Intrepid street food explorers may be familiar with the gallery of vendors that set up shop alongside the Manhattan Bridge in Chinatown, hawking everything from hot dogs on a stick to durian fruit. But now, cops are cracking down on the merchants, accusing them of some fairly gross-sounding misdeeds.

The vendors are allegedly leaving piles of foul-smelling trash out overnight, selling rotten produce, and even peeing into bags and throwing the bags out on the street. Recently, police have implemented a temporary no-parking ban to keep trucks from parking on Forsyth Street, which is destroying sales for many of the vendors: "There's no business, no people. There used to be big lines but not now," said merchant Andy Lin. Some vendors have been arrested for selling without a license.

We spoke to Street Vendor Project's director Sean Basinski to get his take on the crackdown. "The Forsyth Market is an amazing fruit and vegetable market that draws people from all over the tristate area because of its prices, the variety and quality of its produce," he says. He says that vendors purchase produce from wholesale markets in the Bronx that's about to go bad and sell it that day, and then hire a private carting company to pick up their garbage at the end of the day ("I have receipts to prove it," he adds). "The [cops] have it out for this market," he says, and claims that he's seen police troll the block every 20-30 minutes to distribute tickets for "ridiculous" infractions like "blocking the bridge from view" against graffiti artists.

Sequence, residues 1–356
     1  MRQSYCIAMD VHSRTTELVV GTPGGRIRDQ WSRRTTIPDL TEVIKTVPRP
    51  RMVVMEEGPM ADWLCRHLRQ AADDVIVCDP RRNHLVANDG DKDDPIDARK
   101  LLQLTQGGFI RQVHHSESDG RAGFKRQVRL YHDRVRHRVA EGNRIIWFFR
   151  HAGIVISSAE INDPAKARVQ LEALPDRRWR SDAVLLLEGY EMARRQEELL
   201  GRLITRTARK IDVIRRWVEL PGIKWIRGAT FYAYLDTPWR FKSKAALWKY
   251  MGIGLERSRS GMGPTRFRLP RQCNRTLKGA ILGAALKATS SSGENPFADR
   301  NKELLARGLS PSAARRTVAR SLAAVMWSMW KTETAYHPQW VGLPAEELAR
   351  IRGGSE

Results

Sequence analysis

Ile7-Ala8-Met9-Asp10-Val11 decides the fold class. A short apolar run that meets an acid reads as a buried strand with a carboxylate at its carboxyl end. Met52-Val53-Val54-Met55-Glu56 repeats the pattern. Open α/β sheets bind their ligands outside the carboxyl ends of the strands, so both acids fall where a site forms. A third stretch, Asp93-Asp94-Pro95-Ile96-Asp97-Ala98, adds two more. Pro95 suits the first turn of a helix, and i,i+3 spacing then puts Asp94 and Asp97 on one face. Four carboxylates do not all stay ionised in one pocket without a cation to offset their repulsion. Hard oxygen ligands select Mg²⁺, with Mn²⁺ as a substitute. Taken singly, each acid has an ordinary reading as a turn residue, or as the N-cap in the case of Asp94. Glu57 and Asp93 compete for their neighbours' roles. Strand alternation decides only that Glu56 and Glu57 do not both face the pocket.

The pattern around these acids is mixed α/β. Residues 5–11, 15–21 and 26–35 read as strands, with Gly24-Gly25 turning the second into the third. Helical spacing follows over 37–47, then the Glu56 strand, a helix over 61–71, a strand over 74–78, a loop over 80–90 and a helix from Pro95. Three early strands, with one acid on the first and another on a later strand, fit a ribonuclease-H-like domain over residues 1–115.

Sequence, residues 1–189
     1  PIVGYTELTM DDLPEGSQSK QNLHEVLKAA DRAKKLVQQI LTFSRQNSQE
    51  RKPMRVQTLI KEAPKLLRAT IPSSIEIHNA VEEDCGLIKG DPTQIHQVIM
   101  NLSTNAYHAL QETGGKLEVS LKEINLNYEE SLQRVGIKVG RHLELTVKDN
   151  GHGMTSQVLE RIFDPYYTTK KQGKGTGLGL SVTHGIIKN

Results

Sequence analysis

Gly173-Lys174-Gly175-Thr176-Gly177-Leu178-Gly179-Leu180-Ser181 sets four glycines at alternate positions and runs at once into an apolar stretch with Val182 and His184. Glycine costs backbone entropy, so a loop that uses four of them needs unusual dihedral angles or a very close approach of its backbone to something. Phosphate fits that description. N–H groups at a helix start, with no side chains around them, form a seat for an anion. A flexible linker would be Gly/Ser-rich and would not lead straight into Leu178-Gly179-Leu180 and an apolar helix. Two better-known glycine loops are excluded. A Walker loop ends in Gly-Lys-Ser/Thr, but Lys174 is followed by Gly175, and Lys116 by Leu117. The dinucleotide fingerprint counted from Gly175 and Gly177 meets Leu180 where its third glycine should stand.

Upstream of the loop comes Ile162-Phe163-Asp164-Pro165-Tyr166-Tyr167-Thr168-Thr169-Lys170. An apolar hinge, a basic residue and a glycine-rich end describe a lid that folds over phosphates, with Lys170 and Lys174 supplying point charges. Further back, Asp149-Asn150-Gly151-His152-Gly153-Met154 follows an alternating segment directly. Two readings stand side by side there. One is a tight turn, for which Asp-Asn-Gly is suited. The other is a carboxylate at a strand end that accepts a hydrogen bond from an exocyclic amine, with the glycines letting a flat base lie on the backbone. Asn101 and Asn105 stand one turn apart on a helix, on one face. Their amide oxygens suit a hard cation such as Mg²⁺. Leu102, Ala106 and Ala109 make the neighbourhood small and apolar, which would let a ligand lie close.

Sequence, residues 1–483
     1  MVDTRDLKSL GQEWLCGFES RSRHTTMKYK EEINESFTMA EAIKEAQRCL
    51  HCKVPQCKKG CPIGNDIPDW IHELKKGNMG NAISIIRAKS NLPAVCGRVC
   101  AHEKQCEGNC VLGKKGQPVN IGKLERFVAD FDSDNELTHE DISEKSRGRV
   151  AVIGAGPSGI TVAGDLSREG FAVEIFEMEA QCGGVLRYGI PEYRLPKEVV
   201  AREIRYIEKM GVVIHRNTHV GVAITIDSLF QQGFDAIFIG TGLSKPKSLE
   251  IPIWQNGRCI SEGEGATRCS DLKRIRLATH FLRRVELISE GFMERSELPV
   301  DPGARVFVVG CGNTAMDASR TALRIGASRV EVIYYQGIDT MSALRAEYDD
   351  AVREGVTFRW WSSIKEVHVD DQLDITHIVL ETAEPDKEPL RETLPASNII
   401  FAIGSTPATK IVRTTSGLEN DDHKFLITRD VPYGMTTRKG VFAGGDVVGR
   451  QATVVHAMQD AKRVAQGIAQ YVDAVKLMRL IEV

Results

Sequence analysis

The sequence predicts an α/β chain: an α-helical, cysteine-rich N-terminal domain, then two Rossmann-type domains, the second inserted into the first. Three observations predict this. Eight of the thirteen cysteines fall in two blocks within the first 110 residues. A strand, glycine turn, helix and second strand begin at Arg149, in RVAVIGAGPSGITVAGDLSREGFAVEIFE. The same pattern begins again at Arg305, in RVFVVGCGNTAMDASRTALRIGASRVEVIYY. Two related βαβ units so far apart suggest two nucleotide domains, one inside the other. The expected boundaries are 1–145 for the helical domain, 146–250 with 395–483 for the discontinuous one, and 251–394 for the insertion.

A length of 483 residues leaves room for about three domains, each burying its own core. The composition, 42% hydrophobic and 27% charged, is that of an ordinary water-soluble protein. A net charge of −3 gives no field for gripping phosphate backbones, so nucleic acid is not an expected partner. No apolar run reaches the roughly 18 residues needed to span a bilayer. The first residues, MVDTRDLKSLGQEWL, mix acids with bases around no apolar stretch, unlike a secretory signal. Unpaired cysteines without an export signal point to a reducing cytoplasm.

The market has long been a favorite for cheap eaters. Just last week, the Street Vendor Project recounted a Chinatown walking tour that included stops on Forsyth for "tender chicken and beef, fish balls, fish tofu or deliciously fatty lamb" kebabs; food blogger Craig Nelson calls out the Fu Zhou Good Taste cart as a favorite as well. "If its such a foul market, then why do thousands of people shop there every day?" asks Basinksi. "Because it's a wonderful place."